Marvin Olasky

Sometimes philosophical debates are just word-flinging. At other times, though, material change allows innovators to put new ideas into practice quickly. This is such a time for journalism.

For nearly two decades, I've been writing now and then about the shortcomings of the conventional journalistic definition of "objectivity" as purportedly value-free neutrality. I've noted its philosophical and practical limitations, and proposed a counter-standard, biblical objectivity: Since God knows the real nature of things and we do not, we should as much as possible -- given our position as fallen sinners -- to try to see everything through the lens of the Bible.

Two books of mine from the '80s and '90s that are now online, "Prodigal Press" and "Telling the Truth", lay out that analysis. Some Christian journalists subscribe to it, but others remain wedded to conventional objectivity, arguing that the 20th century doctrine is our best bet for getting mostly factual information to the most people. Now, though, the Internet is chopping away at that rationale.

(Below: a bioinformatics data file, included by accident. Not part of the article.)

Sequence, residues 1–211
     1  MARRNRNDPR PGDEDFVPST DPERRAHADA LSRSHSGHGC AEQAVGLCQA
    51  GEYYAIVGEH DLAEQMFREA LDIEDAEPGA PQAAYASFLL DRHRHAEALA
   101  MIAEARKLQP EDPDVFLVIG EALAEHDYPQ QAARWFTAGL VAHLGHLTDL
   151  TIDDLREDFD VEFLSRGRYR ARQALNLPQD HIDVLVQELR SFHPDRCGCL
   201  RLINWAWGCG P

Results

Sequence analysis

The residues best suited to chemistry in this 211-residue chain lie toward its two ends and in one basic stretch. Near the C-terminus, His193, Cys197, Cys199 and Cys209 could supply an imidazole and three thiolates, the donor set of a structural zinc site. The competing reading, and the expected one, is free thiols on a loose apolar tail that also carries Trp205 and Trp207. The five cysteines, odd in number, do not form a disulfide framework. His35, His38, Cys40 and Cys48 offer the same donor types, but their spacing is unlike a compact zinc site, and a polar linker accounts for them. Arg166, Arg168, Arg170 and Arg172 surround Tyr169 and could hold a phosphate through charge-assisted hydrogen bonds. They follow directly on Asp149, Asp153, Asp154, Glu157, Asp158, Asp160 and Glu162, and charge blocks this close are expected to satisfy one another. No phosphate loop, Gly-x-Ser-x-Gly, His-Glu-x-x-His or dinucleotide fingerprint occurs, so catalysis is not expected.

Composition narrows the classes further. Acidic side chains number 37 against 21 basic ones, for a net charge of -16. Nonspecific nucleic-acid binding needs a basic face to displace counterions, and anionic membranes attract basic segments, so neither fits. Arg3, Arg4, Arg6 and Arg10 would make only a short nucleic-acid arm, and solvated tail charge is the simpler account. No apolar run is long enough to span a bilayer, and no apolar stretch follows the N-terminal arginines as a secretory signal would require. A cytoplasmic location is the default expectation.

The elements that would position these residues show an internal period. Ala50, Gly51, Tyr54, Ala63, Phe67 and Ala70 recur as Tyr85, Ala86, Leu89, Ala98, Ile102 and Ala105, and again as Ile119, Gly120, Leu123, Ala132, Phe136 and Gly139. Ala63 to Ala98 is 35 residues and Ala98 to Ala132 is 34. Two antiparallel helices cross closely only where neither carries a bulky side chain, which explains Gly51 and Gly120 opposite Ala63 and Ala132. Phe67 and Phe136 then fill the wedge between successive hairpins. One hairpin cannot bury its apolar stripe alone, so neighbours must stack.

Think of how we get news and views. Say a half-dozen people watch the State of the Union Address. They all agree on the who, what, when and where, but they differ on the significance and meaning of what they've heard. You don't expect each to offer, in carefully tailored tones, a "balanced" account. You expect each to tell you what he thinks is important. You'll evaluate the perspectives, taking into account both the specific detail offered and the reliability of each analyst, and then arrive at your own conclusions.

Conventional doctrines of objectivity gained traction because newspaper readers could not hear directly those half-dozen accounts. Few people subscribed to more than one newspaper (now, few cities have more than one), so it made sense to argue that the newspaper should report two or more different viewpoints neutrally. The odds of getting at the truth would be lessened if we heard only one subjective account and not the other five, so it made sense to give the reporter the role of evaluator and presenter, and demand that he not take sides.

Marvin Olasky

Marvin Olasky is editor-in-chief of the national news magazine World. For additional commentary by Marvin Olasky, visit
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